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Picturing a World

Who knew?

Blog post tip: I’m speechless. Who knew? William Faulkner drew? Read more at Maria Popova’s Brainpickings post, William Faulkner’s Little-Known Jazz Age Drawings, with a Side of Literary Derision.

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Typists' strike

This 1919 poster, which shows typists as New Women who are voicing demands by striking is, in fact, an advertising poster for Labor brand typewriters (see Ruth E. Iskin, “Popularising New Women in Belle Epoque Advertising Posters,” in A Belle Epoque?: Women and Feminism in French Society and Culture, 1890–1914 (2006). But, heck!, it’s a great image. And if we have to resist the Lords of Creation, we might as well do it handsomely. Sisters, solidarity—and happy Labor Day! Read More 

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Note of Explanation

Lovely serendipity: Face-out at a local independent bookstore this week, I found A Note of Explanation by Vita Sackville-West. As if a previously unpublished jeu d’esprit by Sackville-West were not enough, there were the ravishingly elegant, Art Deco illustrations by Kate Baylay who is, for me, a real discovery. I do love illustrated books, especially those that are handsomely made, as this one is. And it’s about Queen Mary’s dollhouse! Not only that, it was originally written to be one of the tiny volumes in the dollhouse library. Read More 

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Sarah Stilwell Weber

Sarah Stilwell Weber is known primarily for her illustration of children, which fits nicely with my heroine Mattie who works in children’s publishing; but I have selected this Collier cover because it is so richly striking. Weber studied with Howard Pyle and was associated with his famous female students, the Red Rose Girls. This picture suggests to me that she also kept up with larger art world and knew the work of Gustav Klimt. It’s always a mistake to think that creative people are limited to whatever work makes them famous or pays the bills!

For more about Weber, click here and hereRead More 
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Jérémy Soheylian

It’s always a thrill to encounter a picture that opens into a world you are reading about or imagining. This morning, when I checked Charley Parker’s blog, Lines and Colors, I was rewarded with glimpses of French landscapes and architectural details by artist Jérémy Soheylian which helped me visualize the setting for a current story of mine. Read More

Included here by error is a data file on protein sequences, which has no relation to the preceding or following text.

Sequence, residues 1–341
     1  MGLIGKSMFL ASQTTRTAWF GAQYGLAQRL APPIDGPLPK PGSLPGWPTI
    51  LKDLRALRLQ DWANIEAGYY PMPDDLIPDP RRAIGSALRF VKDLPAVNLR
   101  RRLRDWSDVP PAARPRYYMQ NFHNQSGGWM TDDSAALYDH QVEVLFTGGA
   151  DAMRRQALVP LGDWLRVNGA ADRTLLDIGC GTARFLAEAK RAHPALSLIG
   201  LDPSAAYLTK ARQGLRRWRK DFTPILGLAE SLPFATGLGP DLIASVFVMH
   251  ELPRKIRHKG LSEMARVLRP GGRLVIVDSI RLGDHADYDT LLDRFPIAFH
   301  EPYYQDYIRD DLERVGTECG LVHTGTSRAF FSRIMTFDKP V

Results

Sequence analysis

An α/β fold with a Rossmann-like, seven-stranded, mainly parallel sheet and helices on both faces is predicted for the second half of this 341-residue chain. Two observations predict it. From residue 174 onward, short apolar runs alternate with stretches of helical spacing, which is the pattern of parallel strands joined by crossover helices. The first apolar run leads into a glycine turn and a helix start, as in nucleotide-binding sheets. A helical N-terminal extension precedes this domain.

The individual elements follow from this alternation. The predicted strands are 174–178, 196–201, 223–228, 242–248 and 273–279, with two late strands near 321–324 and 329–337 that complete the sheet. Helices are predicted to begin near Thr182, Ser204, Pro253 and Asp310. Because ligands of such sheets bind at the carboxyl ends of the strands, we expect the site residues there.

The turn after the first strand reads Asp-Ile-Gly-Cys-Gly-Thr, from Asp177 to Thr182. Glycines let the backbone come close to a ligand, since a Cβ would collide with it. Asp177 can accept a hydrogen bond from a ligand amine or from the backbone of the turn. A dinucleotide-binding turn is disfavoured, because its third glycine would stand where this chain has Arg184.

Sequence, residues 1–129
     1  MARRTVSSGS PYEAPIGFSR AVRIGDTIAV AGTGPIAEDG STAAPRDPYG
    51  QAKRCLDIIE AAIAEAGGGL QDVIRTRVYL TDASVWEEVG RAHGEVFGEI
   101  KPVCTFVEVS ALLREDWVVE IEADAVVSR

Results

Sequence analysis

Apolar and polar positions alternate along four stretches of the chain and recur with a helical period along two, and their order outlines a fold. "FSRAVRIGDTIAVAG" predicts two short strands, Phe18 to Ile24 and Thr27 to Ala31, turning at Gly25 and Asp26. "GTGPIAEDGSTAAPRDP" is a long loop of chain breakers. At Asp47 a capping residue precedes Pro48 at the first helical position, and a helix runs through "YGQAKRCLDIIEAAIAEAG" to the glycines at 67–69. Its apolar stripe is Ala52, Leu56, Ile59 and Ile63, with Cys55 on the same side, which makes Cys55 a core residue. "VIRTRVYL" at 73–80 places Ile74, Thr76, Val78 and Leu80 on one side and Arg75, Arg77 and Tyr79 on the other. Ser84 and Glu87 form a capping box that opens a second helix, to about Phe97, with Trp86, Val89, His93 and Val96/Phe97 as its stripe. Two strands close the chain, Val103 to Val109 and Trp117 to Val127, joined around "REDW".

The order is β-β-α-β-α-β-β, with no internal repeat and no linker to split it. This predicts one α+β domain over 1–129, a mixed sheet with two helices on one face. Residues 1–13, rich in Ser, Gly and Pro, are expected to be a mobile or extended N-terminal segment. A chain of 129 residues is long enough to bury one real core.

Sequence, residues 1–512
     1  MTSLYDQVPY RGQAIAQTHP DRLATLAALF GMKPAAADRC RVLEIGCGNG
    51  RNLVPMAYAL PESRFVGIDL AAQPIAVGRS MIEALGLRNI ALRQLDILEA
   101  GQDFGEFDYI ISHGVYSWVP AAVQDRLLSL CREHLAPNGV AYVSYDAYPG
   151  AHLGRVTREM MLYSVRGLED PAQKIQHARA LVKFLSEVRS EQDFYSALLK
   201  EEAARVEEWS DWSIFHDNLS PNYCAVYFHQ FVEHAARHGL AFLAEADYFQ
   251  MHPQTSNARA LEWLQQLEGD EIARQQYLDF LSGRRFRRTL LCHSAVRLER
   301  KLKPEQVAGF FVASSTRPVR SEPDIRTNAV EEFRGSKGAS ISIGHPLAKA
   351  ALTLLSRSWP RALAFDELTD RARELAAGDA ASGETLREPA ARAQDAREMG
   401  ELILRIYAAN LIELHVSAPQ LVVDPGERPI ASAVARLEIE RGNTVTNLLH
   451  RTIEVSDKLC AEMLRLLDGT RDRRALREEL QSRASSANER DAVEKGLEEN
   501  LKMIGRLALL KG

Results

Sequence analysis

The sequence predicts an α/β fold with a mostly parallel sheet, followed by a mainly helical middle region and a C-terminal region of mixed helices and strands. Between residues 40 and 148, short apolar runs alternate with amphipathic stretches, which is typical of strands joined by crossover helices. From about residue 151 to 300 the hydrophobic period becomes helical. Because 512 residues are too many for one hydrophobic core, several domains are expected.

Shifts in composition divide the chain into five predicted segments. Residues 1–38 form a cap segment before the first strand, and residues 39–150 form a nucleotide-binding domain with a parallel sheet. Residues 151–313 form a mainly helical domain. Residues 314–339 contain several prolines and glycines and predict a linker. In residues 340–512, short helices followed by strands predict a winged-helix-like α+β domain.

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Illustrators' earnings in 1910

Blog post tip: A list of earnings of the 25 top illustrators of 1910 (along with short bios and several examples of work) is posted at Money in the Face of the Modern Girl. Although only three were women, it’s interesting that their earnings placed them in the median. Read More 
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Bel Salvage

When I read Philip Pullman’s new novel, La Belle Sauvage last fall, I noted with a little puzzlement that he has the hero, Malcolm, explain the name of his canoe by saying that an uncle owns a pub called La Belle Sauvage downriver.  Read More 
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Lost murals found

Blog tip: Cecil Osbourne’s Lost Murals Rediscovered at Spitalfields Life tells the story of how murals depicting life in London neighborhoods wound up being rescued. Images of the full murals (which can be enlarged) are posted. To me, it  Read More 
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Walk on the Wyld side

On my living room wall, I have a framed poster of the 1879 John Singer Sargent painting that inspired me to send Jeanette and Edward to the Luxembourg Garden. Earlier this week , a friend who worked in the movie business for years came over. When I explained what the poster meant to me, she said, “I knew that designers for historical movies went to museums to study how things looked, but I’d never thought about fiction writers doing the same thing.”

Then this morning I came across this painting of Saint Mark’s Square by William Wyld at Charley Parker’s Lines and Colors. Parker writes: Read More 

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Female comic book illustrators

Website alert: Golly, a whole new dimension for Mattie Palmer’s world of publishing (and suffagism): Women Who Conquered the Comics World. Via Two Nerdy History Girls.
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